It is worth mentioning that many of the documents published by the company are in English, mainly because they are listed on the New York Stock Exchange, as well as to announce their work plans and thus continue looking for investors. On these sites they expose how well they are doing by pointing out the tons of minerals they extract, the minimum they invest and the exponential profits in dollars.

Main findings

This research process confirmed that GRC has 69,889 hectares of Oaxacan land concessions, through 30 concession titles. The GRC owns 100% of 25 of the concession titles, and the other 5 they rent from other concessionaires. The concessions are distributed in the following projects: El Rey, El Chamizo, Cerro Colorado, Alta Gracia, Las Margaritas, El Águila and El Fuego.

GRC, on their website, mentions 6 mining projects in Oaxaca: El Águila, Alta Gracia, El Fuego, El Rey, Las Margaritas and El Chamizo. It does not mention Cerro Colorado as a project even though it is listed as such by the Secretaría de Economía SE (Respuesta a solicitud 2014, 2017 y 2018), in relation to the company and former subsidiary, Almaden Minerals.

On the other hand, the SE, by means of application 2014 with file 0001000102914, mentions the same 6 projects of this company: El Águila, Alta Gracia, El Rey, Las Margaritas, El Chamizo, but differs by adding Solaga and omitting Fuego and Cerro Colorado in the information it makes public.

Regarding Solaga, this investigation found that GRC terminated its contract with the concessionaires in 2013. On the same date, this company acquired El Fuego and Cerro Colorado, as stated in the company’s March 13, 2013 press release. Leaving their jobs in the Sierra Norte to focus on their “Oaxaca Mining Unit”.

With respect to El Fuego and Cerro Colorado, as the company GRC points out 5 years ago, it bought these projects from Almaden Minerals, information that is not reflected in the publications of the corresponding instance, since the SE, in the response to the public request of April 2018 for file 0001000026318, points out both as part of Almaden Minerals Company and its subsidiary. In addition, the company only classifies one as an El Fuego project and Cerro Colorado as part of the El Chamizo project. For that reason the company lists only 6 mining projects on its website.

In the SE’s portfolio of mining projects, in the SIAM, these same outdated data follow because to date, the document available online is from 2012.

Detailed information by project

A) The El Rey project is in the exploration stage and consists of 4 mining concessions according to the 2017 GRC report. Cartografía Minera (2018) contains the titles of each concession: El Rey (Title: 225373), El Virrey (Title: 226269), La Reyna (Title: 225401) and El Marquéz (Title: 234213). When making a spatial crossing between the layers it was found that the concessions cover the territory of the municipalities of Santiago Matatlán and San Baltazar Chichicápam. The contradictory data from the SE in the 2018 application response with file 0001000026318 points 1.- to Golden Trump Resources, S.A. de C.V. as a subsidiary and 2.- as a municipality to San Pedro Quiatoni when in reality the concessions do not cover this municipality.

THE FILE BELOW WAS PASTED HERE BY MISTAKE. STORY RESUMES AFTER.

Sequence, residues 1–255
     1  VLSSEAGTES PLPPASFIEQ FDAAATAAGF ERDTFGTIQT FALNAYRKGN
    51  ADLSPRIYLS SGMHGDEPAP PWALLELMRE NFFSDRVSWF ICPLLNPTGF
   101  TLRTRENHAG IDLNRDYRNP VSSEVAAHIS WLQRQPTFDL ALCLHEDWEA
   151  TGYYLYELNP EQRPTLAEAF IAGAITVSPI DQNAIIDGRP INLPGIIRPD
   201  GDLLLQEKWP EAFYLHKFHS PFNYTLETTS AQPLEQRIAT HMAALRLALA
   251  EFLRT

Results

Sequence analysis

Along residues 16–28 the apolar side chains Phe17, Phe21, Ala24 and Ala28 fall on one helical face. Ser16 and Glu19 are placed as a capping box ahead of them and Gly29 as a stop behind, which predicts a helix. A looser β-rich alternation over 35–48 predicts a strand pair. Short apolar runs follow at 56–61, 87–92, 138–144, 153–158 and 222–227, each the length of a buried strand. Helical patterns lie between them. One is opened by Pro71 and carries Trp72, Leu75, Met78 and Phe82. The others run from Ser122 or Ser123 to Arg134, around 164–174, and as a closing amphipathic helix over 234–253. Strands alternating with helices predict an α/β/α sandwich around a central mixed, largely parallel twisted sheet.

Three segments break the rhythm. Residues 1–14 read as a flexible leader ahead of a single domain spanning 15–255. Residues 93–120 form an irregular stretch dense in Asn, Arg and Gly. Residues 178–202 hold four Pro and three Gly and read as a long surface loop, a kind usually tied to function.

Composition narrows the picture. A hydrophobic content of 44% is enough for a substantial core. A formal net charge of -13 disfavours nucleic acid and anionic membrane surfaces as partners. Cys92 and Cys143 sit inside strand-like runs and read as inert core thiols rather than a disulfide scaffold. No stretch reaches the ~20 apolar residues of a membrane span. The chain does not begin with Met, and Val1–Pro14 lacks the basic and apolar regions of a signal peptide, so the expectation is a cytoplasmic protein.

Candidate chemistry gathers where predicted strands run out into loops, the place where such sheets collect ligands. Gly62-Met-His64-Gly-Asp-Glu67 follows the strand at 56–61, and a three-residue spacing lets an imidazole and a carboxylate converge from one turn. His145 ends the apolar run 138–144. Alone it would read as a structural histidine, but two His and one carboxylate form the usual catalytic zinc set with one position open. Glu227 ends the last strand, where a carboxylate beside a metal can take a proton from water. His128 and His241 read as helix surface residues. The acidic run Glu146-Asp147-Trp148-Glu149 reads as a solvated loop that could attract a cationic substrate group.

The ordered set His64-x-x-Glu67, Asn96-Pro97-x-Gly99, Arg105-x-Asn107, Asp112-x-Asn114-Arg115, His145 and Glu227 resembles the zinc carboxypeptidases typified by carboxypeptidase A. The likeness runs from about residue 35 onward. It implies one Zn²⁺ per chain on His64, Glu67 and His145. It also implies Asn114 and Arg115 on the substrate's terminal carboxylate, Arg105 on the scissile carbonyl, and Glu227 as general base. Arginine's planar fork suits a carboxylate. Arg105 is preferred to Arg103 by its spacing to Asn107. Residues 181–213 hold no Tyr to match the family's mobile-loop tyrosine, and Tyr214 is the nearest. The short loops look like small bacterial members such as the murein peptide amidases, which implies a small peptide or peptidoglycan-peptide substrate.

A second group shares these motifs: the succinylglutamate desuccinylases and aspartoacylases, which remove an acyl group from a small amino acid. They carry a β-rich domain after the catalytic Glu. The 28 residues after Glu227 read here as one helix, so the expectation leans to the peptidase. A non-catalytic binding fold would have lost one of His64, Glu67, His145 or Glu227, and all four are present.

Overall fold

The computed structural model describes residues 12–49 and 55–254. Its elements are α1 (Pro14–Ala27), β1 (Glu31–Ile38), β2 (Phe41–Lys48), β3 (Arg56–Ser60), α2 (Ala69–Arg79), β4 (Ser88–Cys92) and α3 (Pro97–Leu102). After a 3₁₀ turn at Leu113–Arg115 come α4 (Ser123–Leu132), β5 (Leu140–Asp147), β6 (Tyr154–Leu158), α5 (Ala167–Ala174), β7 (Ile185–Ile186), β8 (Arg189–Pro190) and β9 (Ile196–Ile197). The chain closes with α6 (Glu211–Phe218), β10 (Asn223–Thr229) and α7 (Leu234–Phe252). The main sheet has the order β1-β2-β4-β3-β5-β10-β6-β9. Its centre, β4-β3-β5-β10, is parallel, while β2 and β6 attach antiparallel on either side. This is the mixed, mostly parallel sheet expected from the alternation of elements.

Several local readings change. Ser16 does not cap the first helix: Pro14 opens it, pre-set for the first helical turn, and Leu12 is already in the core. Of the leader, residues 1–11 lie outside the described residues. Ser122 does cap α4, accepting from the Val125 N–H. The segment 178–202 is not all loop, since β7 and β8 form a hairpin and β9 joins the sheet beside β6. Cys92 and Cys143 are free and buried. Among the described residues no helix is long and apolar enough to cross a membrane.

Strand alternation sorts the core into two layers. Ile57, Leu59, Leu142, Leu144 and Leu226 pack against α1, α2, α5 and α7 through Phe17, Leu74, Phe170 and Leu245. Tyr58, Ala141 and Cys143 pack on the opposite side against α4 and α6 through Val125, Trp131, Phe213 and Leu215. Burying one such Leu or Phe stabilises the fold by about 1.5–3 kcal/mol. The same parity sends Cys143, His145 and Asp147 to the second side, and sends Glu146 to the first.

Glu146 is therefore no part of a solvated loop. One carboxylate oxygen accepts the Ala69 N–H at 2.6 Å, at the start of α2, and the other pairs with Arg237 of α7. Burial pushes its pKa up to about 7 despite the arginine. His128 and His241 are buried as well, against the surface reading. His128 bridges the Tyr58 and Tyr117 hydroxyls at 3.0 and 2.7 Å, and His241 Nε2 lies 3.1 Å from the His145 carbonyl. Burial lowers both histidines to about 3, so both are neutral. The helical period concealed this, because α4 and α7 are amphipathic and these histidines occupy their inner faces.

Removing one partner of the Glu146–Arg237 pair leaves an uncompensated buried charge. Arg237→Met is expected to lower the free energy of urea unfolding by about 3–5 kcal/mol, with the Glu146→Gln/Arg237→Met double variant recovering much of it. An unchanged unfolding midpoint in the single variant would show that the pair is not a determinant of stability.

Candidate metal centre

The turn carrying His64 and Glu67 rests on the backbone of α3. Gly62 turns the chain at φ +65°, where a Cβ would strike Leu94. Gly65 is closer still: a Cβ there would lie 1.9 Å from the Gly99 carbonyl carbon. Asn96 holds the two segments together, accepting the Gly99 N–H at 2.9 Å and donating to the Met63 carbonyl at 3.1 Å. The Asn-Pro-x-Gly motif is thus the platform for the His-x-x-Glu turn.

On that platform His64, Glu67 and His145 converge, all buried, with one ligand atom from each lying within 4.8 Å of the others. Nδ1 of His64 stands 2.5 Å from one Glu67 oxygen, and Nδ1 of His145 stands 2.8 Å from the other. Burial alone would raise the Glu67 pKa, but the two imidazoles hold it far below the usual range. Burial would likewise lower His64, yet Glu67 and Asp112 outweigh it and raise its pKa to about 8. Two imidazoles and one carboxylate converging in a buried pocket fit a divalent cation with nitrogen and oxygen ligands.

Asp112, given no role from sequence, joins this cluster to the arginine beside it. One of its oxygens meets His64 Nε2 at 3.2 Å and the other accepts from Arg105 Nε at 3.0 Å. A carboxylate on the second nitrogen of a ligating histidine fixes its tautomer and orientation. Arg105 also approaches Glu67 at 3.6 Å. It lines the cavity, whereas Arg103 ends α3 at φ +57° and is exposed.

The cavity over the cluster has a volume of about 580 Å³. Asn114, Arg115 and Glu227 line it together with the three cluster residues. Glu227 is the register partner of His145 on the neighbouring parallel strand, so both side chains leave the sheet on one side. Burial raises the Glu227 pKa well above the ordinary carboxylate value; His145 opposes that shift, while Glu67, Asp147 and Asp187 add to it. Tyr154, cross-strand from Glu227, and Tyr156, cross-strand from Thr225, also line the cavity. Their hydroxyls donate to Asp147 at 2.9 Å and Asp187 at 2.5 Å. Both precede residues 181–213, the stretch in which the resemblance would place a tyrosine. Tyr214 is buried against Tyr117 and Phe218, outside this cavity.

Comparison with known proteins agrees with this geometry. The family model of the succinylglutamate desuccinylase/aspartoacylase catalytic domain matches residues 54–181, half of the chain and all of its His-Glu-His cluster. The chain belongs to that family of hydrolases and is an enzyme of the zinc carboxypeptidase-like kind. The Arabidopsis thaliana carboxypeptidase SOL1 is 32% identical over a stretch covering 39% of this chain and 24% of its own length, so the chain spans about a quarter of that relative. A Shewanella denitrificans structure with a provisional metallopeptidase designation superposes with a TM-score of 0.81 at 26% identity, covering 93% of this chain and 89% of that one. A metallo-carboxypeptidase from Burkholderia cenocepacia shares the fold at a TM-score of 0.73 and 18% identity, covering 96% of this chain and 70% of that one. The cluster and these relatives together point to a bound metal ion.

B) The El Chamizo project is in the Exploration stage. In its annual report (2017) GRC points out that this project includes a concession of the same name covering 26,386 hectares. It also notes that, because of the proximity between Alta Gracia and El Chamizo, El Chamizo’s exploration activities began in 2011. The GRC also includes the Cerro Colorado project, purchased from Almaden Minerals LTD, as part of the El Chamizo project. The SE registers Cerro Colorado as a separate project, as we will detail.

In the Cartografía Minera of the SE (2018) was found the concession: “EL CHAMIZO” (Title: 238374). When overlaying the concessions layers with the municipalities it was found that the concession covers territory within the municipalities: San Dionisio Ocotepec, Santiago Matatlán, San Pedro Totolápam, San Lucas Quiaviní and San Baltazar Chichicápam.

The contradictory data from the SE in the 2018 response indicates 1.- The project is as a subsidiary of Golden Trump Resources, S.A. de C.V. and 2.- The municipality of San Pedro Quiatoni is mentioned, though their territory is not affected by the concession.

C) Cerro Colorado Project is in the exploration stage. According to its annual report (2017), GRC purchased this project from Almaden Minerals LTD in 2013, which consists of the San Pedro Fracc. 2 concession, which cover approximately 1,860 hectares. The company has since managed Cerro Colorado as part of the El Chamizo project.

In the Cartografía Minera of the SE (2018) the concession was found: San Pedro Fracción 2 (Title: 233693). When making the spatial crossing with the layers of concessions and municipalities it was found that the concession encompasses territory within the municipalities of San Dionisio Ocotepec and San Pedro Totolápam.

There are four contradictions in the data provided by the SE in the 2018 response 1.- they continued to cite Almaden Minerals Ltd., the current company owner, as the previous company owner 2.- They mention the previous subsidiary Almaden de México, S.A. de C.V., 3.- They mention as country of origin as Canada and 4.- They mention Santa Catarina Lachatao, a municipality that is not affected in their territory because of its location in the Sierra Norte.